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Don’t Buy A Dividend Stock That Doesn’t Have These 3 Things

These days, we contrarian income seekers are following a simple rule: “trade lightly.” Truth is, we saw this mess coming. It’s why we started lightening up our positions in my Contrarian Income Report service back in November.

In so doing, we’ve locked in some very nice returns, like 90% on chemical maker Chemours Co (CC); 44% on blue-chip-focused closed-end fund (CEF) Gabelli Dividend Trust (GDV); and 98% on the PIMCO Dynamic Income Fund (PDI—formerly PCI).

We didn’t sell any of these dividend payers because something was wrong with them—far from it!

They’d simply ridden Jay Powell’s cheap-money wave as far as they could. Now that wave is flowing in reverse, with rates rising and the Fed shedding bonds from its balance sheet at a rate of $95 billion a month.

All of this has caused the stock market to, ahem, correct.

Someday soon we’ll reload. In the meantime, we’re collecting rich dividends from our current holdings (our Contrarian Income Report portfolio yields 7.5% as I write this, with many issues paying monthly), making our shopping list and getting set to pounce on the next big buying opportunity—because it’s coming.

But what if you can’t wait?

I get it—and I hear it regularly from readers. And indeed, there are some “safety-first” dividends out there that profit from inflation and boast low volatility—a godsend today and for 2023, when a recession is likely in the cards.

We’ll look at two good examples of these types of stocks below. (Note that these aren’t official CIR recommendations, but they may work for you, depending on your portfolio makeup and situation.) First, let’s talk about what a stock needs to thrive in this inflation-and-recession spooked market.

Relative Strength, Big Payouts and Pricing Power: Our “Dividend Trifecta”

When hunting for reliable dividends, we primarily want stocks that have held up better than their peers in this dumpster fire. It only makes sense—if they’ve stayed strong now, they’re likely to keep doing so. And when the market (inevitably) turns, they’ll have a sturdy base from which to jump.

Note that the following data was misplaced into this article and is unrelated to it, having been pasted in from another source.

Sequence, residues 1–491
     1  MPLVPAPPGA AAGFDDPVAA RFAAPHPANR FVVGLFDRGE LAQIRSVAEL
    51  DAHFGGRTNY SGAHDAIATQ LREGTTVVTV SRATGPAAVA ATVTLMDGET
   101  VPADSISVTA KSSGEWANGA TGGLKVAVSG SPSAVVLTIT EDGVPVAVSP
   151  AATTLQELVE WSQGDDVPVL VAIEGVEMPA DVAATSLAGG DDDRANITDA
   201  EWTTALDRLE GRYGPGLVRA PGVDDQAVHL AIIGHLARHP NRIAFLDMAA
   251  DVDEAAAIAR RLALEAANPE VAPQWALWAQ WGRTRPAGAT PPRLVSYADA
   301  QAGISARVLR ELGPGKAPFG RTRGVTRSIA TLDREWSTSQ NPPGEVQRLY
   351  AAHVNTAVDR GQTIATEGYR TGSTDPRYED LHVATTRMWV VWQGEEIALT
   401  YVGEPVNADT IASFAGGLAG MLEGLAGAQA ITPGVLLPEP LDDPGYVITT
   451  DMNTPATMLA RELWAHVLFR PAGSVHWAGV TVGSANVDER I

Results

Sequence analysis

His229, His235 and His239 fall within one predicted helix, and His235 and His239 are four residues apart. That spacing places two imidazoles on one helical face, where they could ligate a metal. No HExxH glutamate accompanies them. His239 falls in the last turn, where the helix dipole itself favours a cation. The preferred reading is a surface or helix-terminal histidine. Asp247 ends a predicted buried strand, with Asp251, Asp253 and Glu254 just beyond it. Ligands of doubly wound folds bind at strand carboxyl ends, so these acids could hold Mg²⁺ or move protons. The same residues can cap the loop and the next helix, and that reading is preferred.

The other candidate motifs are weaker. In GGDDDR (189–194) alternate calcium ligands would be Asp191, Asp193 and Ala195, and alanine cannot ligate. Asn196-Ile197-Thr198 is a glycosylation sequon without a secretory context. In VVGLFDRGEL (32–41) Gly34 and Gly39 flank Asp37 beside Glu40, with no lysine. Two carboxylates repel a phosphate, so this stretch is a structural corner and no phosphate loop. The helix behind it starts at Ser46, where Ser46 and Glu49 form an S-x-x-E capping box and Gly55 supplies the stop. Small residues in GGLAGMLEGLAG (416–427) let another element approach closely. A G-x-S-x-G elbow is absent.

Note that we’re not looking for bargain P/E ratios here. Just stocks with resilience that are backed by strong societal trends.

Finally, we want companies with the pricing power to pass their rising costs off to consumers, letting them not only survive inflation, but thrive during it.

Let’s get started with …

A Canadian “Battleship” Dividend That Charges Whatever It Wants

BCE Inc. (BCE) is a Canadian telecom provider that has pricing power in spades! It, along with Telus Corp. (TU) and Rogers Communications (RCI), essentially form an oligopoly, with an iron grip on Canada’s telecommunications market. That’s why Canadians pay some of the highest cell phone rates in the world.

Pricing power? Check!

Now let’s talk relative strength. As you can see, BCE, which also controls major Canadian television network CTV and owns the Toronto Maple Leafs and Raptors, is holding up just fine in the mess we’ve been facing this year, thumping American cousin Verizon Communications (VZ) and staying in the green.

Throw in a nice 5.5% dividend and a record of strong and steady payout growth (the dividend is up 70% in the last decade, in Canadian dollars), and you have all the makings of a “battleship” dividend payer. It’s not surprising that this one is a mainstay in Canadian investment portfolios, but we don’t have to miss out stateside: BCE trades on the NYSE, so it’s easy to buy.

An “All-Weather” 3.1% Payout That’s Growing Fast

Electric utilities are another go-to at times like these, and American Electric Power (AEP) is one of the biggest, with 5.5 million customers in 11 states. Utilities are paying higher prices for coal and natural gas these days, but AEP is smartly offsetting those with a rapid shift to renewables, with plans to produce 50% of its power from clean sources by 2030.

The best thing about utilities, of course, is that they hold up in all market weather, and especially during recessions. And you and I both know that fear of the next recession is rising daily.

The reason for that resilience is pretty simple: people need to heat their homes and run their fridges no matter what, and AEP’s sheer size is attracting safety-obsessed investors (and likely more than a few “refugees” from the clobbered crypto market).

In any event, they’ve powered it (sorry, I couldn’t resist) to a 14% return this year, as of this writing, well ahead of its sector.

Now let’s talk payouts, because over the last five years, the company has delivered a nice 35% hike in the dividend. Those hikes have paced the price higher—a phenomenon I refer to as the “Dividend Magnet”.

There are likely more dividend-driven gains ahead: AEP pays 58% of its earnings as dividends, which is very safe for a company with steady revenue like this one. What’s more, that ratio is headed in the right direction.

AEP’s dividend is also backstopped by strong profits, with operating earnings per share expected to come in between $4.87 and $5.07 for 2022, the midpoint of which ($4.97) is well up from last year’s $4.74.

Brett Owens is chief investment strategist for Contrarian Outlook. For more great income ideas, get your free copy his latest special report: Your Early Retirement Portfolio: Huge Dividends—Every Month—Forever.

Disclosure: none